Stuart Hughes' prosthetic leg is war reporting exhibit

Stuart Hughes and his original prosthetic leg
Image caption Stuart's false leg has seen service in Syria, Lebanon, Israel and Iraq

BBC World Affairs producer Stuart Hughes talks about his unique contribution to a exhibition on war reporting - a prosthetic leg.

I'm not getting any younger - but I certainly didn't consider myself to be a museum piece just yet.

However, when a former editor told me he was helping to organise Britain's largest-ever exhibition about war correspondents at the Imperial War Museum North in Manchester I hoped there might be a glass case with my name on it.

In April 2003 I was on assignment for BBC News in northern Iraq. One bright spring morning my team travelled to a frontline position in the town of Kifri, which had been abandoned the night before by Saddam Hussein's forces. Our guide, a Kurdish Peshmerga soldier, assured us the area was safe. He was wrong.

Just seconds after stepping out of our vehicle I triggered an anti-personnel landmine. It blew off my right heel.

On hearing the explosion my cameraman, the Iranian photojournalist Kaveh Golestan, instinctively thought we were coming under mortar fire. He tried to run for safety. Instead, tragically, he set off two more landmines.

He was killed instantly.

I received emergency medical treatment in Iraq before being flown back to the UK. Although I now live in London I chose to return to my hometown of Cardiff to be nearer to my parents. Five days after stepping on the landmine my right leg was amputated below the knee. Shortly afterwards I began the long process of rehabilitation.

Image caption Stuart was on assignment in northern Iraq when he stepped on a landmine

The process of learning to walk again was frustratingly slow. The pace was dictated by the speed at which my wounds healed and the swelling around what remained of my damaged leg eased.

Three months after the amputation I was fitted with my first prosthetic leg at Rookwood Hospital in Cardiff. It felt alien and unwieldy at first, a clumsy appendage compared to real skin, bone and muscle. Even so, being able to walk upright again was still infinitely preferable to sitting in a wheelchair.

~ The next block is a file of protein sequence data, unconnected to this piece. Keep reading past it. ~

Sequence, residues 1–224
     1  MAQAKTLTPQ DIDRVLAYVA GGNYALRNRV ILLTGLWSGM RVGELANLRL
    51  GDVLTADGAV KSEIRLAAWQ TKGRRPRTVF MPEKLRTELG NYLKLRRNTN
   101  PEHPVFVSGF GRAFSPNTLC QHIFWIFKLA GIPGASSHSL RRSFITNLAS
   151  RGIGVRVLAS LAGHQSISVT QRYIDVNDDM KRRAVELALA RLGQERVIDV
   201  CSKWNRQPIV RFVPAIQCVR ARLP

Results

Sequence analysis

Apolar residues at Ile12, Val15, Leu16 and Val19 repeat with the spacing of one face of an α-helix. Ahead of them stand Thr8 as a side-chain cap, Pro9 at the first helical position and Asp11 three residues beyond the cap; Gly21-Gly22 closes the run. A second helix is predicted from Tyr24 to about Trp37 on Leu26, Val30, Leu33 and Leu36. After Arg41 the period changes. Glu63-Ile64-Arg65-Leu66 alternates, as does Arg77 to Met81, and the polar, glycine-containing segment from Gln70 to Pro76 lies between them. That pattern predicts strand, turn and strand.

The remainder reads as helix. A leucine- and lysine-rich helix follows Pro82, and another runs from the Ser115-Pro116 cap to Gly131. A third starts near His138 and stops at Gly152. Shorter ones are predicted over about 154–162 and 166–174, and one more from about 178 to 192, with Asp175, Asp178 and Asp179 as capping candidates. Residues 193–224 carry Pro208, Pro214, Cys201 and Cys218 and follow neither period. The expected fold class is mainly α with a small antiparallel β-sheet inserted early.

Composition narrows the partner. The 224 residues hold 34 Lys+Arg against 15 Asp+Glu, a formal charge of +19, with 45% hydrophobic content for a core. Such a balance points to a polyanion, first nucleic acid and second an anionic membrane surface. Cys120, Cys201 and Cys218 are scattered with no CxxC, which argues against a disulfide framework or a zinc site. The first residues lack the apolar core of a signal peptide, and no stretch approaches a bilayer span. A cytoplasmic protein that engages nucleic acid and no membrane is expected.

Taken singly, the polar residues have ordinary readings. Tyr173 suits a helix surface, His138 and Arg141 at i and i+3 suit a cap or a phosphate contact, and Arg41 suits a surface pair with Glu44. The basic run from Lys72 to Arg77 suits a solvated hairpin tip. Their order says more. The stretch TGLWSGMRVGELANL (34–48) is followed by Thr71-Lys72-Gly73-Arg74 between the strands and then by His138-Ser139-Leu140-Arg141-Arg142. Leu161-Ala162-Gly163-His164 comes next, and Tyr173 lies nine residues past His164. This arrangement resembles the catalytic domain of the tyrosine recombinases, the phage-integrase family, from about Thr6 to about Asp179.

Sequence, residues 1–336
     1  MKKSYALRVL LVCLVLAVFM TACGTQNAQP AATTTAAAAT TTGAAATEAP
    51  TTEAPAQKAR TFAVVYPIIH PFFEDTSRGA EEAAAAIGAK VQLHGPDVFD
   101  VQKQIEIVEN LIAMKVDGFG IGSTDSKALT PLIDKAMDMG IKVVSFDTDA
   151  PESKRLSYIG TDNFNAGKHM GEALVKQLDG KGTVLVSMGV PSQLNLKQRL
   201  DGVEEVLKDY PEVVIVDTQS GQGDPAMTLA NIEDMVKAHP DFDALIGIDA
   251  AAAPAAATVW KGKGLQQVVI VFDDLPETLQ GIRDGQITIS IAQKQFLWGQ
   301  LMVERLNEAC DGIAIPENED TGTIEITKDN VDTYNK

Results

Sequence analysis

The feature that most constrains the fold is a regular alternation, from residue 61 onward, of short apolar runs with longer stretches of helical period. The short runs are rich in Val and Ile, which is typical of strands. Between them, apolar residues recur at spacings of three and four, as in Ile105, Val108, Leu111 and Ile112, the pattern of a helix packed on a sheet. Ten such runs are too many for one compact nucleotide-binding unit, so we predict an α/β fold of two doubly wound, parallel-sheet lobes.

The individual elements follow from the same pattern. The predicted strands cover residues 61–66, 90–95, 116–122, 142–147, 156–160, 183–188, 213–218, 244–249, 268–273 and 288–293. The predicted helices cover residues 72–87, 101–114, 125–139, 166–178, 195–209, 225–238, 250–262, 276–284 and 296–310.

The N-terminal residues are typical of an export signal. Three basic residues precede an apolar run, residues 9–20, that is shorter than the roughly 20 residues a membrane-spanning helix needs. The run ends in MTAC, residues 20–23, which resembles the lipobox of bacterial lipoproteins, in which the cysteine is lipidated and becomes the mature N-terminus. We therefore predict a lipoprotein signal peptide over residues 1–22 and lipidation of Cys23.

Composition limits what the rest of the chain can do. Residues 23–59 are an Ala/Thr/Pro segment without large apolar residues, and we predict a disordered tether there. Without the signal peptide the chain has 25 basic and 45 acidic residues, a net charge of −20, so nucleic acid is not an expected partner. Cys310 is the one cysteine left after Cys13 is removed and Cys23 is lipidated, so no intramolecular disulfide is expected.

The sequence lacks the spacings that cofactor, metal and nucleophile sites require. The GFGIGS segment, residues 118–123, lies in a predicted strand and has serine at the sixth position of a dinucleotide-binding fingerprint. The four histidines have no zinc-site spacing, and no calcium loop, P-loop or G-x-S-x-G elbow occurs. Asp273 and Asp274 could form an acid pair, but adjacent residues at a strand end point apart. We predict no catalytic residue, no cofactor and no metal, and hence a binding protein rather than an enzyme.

Six months after the explosion I was well enough to resume my old job as a World Affairs Producer for BBC News. Wherever I went my artificial leg came with me - from the streets of Damascus, Beirut and Jerusalem to the British military base in Basra.

But a few years ago, after countless foreign assignments and many thousands of road miles, the time finally came to retire my trusty prosthesis.

My piece of precision Welsh engineering was showing its age. It was battered, worn and past its best - not unlike its owner. If it looked like it had been through the wars that was because it had - several times.

I was fitted with a new leg and Old Faithful was consigned to the back of the wardrobe like a child's toy that has fallen out of favour.

But it's about to enjoy a new lease of life.

In a few days' time it will be packed in bubble wrap and cardboard and sent to the Imperial War Museum North in Manchester. There it will form part of the exhibition "War Correspondent: reporting under fire since 1914."

It'll be in illustrious company.

From May until January next year it will stand alongside other relics donated by war correspondents from down the ages; the burka John Simpson wore when he secretly entered Afghanistan in 2001, a bullet that narrowly missed Kate Adie during the Gulf War and one of Martin Bell's trademark white suits.

Sadly, journalism can be a perilous profession. The campaign group Reporters Without Borders says 57 journalists were killed in the line of duty in 2010. In recent months a number of journalists have suffered horrific injuries in roadside bombings in Afghanistan.

Image caption Stuart became a patron of the Mines Advisory Group (MAG) and met a fellow amputee in Cambodia

Just a few weeks ago a cameraman for Al Jazeera, Ali Hassan al-Jaber, was shot dead in an ambush near the Libyan city of Benghazi. Other journalists working in Libya have been detained and beaten.

I can't claim mine will be the first prosthetic limb to go on public display. A replica of a Roman artificial leg dating from 300 BC is on show at the Science Museum. A prosthetic arm worn by the photojournalist Mo Amin, who lost his arm when an ammunition dump exploded in Ethiopia, is kept in a case at the Frontline Club, a watering hole for foreign correspondents in London. I raise a glass to it every time I'm there.

It's strange to think a part of me will soon be on display, naked for all to see. I hope all those who see it at the Imperial War Museum in Manchester take a moment to reflect on the risks faced by newsgatherers around the world who willingly put themselves in the line of fire to bring the news to audiences back home because they believe that bearing witness to momentous events is worth the risk.

I just hope my leg doesn't get lonely without me.

War Correspondent: reporting under fire since 1914 runs at the Imperial War Museum North in Manchester from 28 May 2011 to 2 January 2012

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